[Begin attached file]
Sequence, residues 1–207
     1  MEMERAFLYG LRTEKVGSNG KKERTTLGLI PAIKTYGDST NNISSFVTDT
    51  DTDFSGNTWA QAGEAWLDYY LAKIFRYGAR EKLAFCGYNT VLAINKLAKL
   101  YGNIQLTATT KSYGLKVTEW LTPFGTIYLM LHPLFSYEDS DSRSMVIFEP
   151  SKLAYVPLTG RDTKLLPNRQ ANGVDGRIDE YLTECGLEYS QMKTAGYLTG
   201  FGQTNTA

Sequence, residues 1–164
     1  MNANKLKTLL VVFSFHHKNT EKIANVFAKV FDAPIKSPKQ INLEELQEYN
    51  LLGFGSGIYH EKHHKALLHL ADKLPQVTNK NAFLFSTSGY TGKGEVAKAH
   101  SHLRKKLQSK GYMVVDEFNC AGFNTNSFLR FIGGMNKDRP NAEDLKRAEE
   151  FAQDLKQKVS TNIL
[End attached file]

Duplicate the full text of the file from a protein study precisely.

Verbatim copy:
Sequence, residues 1–207
     1  MEMERAFLYG LRTEKVGSNG KKERTTLGLI PAIKTYGDST NNISSFVTDT
    51  DTDFSGNTWA QAGEAWLDYY LAKIFRYGAR EKLAFCGYNT VLAINKLAKL
   101  YGNIQLTATT KSYGLKVTEW LTPFGTIYLM LHPLFSYEDS DSRSMVIFEP
   151  SKLAYVPLTG RDTKLLPNRQ ANGVDGRIDE YLTECGLEYS QMKTAGYLTG
   201  FGQTNTA

Sequence, residues 1–164
     1  MNANKLKTLL VVFSFHHKNT EKIANVFAKV FDAPIKSPKQ INLEELQEYN
    51  LLGFGSGIYH EKHHKALLHL ADKLPQVTNK NAFLFSTSGY TGKGEVAKAH
   101  SHLRKKLQSK GYMVVDEFNC AGFNTNSFLR FIGGMNKDRP NAEDLKRAEE
   151  FAQDLKQKVS TNIL